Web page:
Most interesting facet of Kummattikali is a peculiar way in which Kummati performers clad themselves. They don a heavily painted colourful wooden mask depicting faces of Krishna, Narada, Kiratha, Darika or hunters. These masks are usually made out of saprophyte, jack fruit tree, Alstonia Scholaris, Hog Plum tree or the Coral tree.
Dancers wear skirts woven out of plaited grass. Some performers cover their whole body with bunches of grass for a more bushy appearance. The semblance is made more joyful with the 'talla' attached externally to the mask giving the appearance of a toothless open mouth. Dancers also hold and manipulate long sticks of residuary agricultural produce called 'Kummattikali', it is from this that the dance derives its name. Their dance is related to Shaiva myth. 'Thamma' (an old woman) walks in front with the help of a stick. Thamma is symbolic of mother of every being and everything.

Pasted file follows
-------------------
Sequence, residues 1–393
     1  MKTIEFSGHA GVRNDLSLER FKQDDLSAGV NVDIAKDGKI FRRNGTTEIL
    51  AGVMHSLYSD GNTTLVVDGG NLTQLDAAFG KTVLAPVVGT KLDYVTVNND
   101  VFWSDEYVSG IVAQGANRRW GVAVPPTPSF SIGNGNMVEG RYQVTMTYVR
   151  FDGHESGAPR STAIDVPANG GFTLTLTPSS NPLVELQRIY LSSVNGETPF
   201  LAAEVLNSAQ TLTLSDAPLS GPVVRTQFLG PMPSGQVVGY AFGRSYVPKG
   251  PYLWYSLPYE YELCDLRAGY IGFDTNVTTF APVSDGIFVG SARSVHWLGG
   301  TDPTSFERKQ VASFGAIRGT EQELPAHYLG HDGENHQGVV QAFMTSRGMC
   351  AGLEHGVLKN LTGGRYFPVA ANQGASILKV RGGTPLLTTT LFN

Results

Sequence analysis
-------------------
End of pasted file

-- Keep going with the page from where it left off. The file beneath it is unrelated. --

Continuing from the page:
Rhythm for the dance movements is provided by vibrating the string of a bow like instrument called onavillu. Arecanut wood is used to make the bow and the strings are beaten with a narrow bamboo stick.
Kummatti dancers are a sight to watch as they move around from house to house collecting jaggery, rice, or small amounts of cash. Onlookers, specially children take great delight in their performance.
Themes of Kummattikali are mostly taken from the stories of Ramayana, Darika Vadham, the story of Shiva and folk tales like Manjan Nayare Pattu.
It may be noted that folk art of Kerala can be classified into two broad categories - ritualistic and non-ritualistic. Ritualistic can be further divided into - Devotional, performed to please a particular god and goddess and Magical Art Forms. Theyyam, Thira, Poothamthira, Kanyarkali, Kummattikali, etc. are some of devotional art forms.
Kummatti dances are more rampant in Trichur District, during Onam. Pristine or original form of Kummattikali can be seen in the Bhadrakali temple in Palghat district.